(L-Theanine does the opposite of caffeine; but coffee is good for you overall). If you’re already too agitated, I guess it might help.

Take Phosphatidyl Serine

If there is one supplement I’d recommend for its stress mitigating effects this would be it. The body doesn’t make much of it and we don’t get much from our diets, but its particularly concentrated in and is vital to the healthy functioning of nerve cell membranes. And get this: stress depletes it. PS is one of those 21st century hacks I’m always on the lookout for. It works on both mental and physical stress; improving mood and blunting cortisol after physical exercise.

Looks like the evidence for memory/cognition improvement is extremely weak, but the evidence for athletic performance (better recovery and reduced stress in competition) is good.

PS can be found in meat, but is most abundant in the brain and in innards such as liver and kidney. Only small amounts of PS can be found in dairy products or in vegetables, with the exception of white beans.

Food PS Content in mg/100 g
Bovine brain 713
Atlantic mackerel 480
Chicken heart 414
Atlantic herring 360
Eel 335
Offal (average value) 305
Pig’s spleen 239
Pig’s kidney 218
Tuna 194
Chicken leg, with skin, without bone 134
Chicken liver 123
White beans 107
Soft-shell clam 87
Chicken breast, with skin 85
Mullet 76
Veal 72
Beef 69
Pork 57

fasting was also found to reduce other cardiac risk factors, such as triglycerides, weight, and blood sugar levels…


HGH works to protect lean muscle and metabolic balance, a response triggered and accelerated by fasting.During the 24-hour fasting periods, HGH increased an average of 1,300 percent in women, and nearly 2,000 percent in men.

(HGH is abused by some bodybuilders and is of questionable benefit in actually growing huge muscles)

 - Routine Periodic Fasting Is Good for Your Health, and Your Heart, Study Suggests

Potentially crackpot (no research cited) claim for improving low testosterone via diet:
  • Restrict sugar
  • Eat foods that inhibit aromatase (to limit oestrogen conversion)

(mushrooms and vitamin C inhibit aromatase - again, no study cited)

  • Eradicate trans fats (via elimination of vegetable oils)
  • Eat more fat - well less PUFA and more SFA

Fine. Butter is good for you. But EPA and DHA (Omega-3 and thus PUFA) are necessary in the diet.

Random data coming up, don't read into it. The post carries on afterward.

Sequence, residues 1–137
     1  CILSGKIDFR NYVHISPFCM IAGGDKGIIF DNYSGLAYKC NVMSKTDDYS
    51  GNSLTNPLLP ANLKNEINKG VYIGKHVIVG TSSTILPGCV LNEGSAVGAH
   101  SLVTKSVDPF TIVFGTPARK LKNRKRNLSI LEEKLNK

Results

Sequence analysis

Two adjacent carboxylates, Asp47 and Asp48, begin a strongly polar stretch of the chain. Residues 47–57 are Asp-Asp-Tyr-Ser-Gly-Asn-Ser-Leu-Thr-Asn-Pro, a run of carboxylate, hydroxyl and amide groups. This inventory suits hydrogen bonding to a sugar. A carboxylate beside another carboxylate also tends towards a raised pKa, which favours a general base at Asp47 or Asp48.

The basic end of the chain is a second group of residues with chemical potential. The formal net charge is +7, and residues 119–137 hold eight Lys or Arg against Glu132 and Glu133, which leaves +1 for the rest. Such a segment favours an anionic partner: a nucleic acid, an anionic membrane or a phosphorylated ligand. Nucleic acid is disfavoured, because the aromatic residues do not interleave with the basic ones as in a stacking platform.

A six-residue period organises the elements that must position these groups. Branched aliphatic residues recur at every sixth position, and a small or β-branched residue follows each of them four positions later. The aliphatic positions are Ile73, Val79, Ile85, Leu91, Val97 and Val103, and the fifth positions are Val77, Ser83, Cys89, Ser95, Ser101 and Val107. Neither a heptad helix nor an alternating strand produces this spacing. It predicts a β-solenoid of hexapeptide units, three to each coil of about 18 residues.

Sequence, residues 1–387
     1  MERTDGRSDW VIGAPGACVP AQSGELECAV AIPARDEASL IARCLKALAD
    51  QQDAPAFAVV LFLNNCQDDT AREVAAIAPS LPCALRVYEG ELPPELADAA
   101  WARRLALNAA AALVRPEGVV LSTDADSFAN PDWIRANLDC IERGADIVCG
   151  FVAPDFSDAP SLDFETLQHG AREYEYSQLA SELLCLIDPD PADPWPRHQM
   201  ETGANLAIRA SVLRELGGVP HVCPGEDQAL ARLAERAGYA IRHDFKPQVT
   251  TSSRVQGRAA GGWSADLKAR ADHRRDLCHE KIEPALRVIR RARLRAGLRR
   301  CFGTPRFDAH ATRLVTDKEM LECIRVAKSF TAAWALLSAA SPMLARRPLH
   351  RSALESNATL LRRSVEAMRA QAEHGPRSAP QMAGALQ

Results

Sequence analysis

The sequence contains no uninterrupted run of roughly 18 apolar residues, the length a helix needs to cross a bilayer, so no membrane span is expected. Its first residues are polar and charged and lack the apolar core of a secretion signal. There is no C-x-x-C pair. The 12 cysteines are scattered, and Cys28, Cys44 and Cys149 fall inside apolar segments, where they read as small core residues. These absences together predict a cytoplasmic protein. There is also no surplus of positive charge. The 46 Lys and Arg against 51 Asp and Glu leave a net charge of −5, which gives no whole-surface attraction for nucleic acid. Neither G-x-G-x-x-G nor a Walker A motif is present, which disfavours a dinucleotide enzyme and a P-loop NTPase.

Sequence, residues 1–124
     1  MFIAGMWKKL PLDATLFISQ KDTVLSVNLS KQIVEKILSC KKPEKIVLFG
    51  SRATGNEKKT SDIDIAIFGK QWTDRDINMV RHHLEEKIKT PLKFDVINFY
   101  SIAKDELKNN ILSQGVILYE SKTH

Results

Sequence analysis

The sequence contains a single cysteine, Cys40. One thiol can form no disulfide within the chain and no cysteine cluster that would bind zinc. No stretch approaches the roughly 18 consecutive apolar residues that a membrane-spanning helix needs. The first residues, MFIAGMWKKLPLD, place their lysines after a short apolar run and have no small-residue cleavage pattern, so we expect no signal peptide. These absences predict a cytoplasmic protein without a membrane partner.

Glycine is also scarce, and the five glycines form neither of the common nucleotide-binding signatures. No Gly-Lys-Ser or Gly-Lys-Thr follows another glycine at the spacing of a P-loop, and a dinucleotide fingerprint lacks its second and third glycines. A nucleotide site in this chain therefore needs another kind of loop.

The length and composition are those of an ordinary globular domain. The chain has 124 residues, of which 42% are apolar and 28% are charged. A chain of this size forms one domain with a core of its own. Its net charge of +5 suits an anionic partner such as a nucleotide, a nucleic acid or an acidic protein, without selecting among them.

• Eat foods that are rich in vitamins A+K (meat, butter, eggs, organs)
  • Boost vitamin D

I started to get a little body acne after supplementing with 4000 IU D daily (especially once I started getting an hour of sun daily). I figured that was due to excess D (it’s fat soluble and so a dose that was fine for a few weeks may be too much once you’re saturated) but perhaps it was just giving me steroid-like side effects :) In any case, I cut back on the D supplementation (you can’t get too much D from sun, fortunately - the body scales back when it’s not needed).

Don’t worry yet about high-Choline diet causing high markers for heart disease.

(could be motivated cognition causing him to conclude “keep eating eggs and liver”, but there is a lot of evidence that insufficient Choline makes you dumber)

Men tend to think women find bulkier men attractive than what women generally find attractive (Frederick et al. 2005)

(evolvify - overuse of evo-psych story-time thinking warning). Yep. Marketing and a desire for high status; confusing physical power for it (not really the case in modern civilizations).

Humans are also good at assessing strength based on the face alone … subjects were just as good at judging strength from the faces of men of other cultures as from their own
Overall, body attractiveness was a better predictor of self-reported mating success than facial attractiveness. In line with our main hypothesis, we found a positive relationship between a composite measure of men’s physical fitness (PF) and men’s body attractiveness. This was obtained not only for aggregated attractiveness ratings but also for all 27 female raters individually. This finding is remarkable because individual attractiveness judgments reflect a strong idiosyncratic component, at least for faces. Attractiveness judgments were made fast and effortless. The strength of the attractiveness-fitness relation- ship obtained here suggests that signalling physical fitness may be one of the key functions of male attractiveness.” (Honekopp et al. 2006)

fitness, not bodybuilder bulk.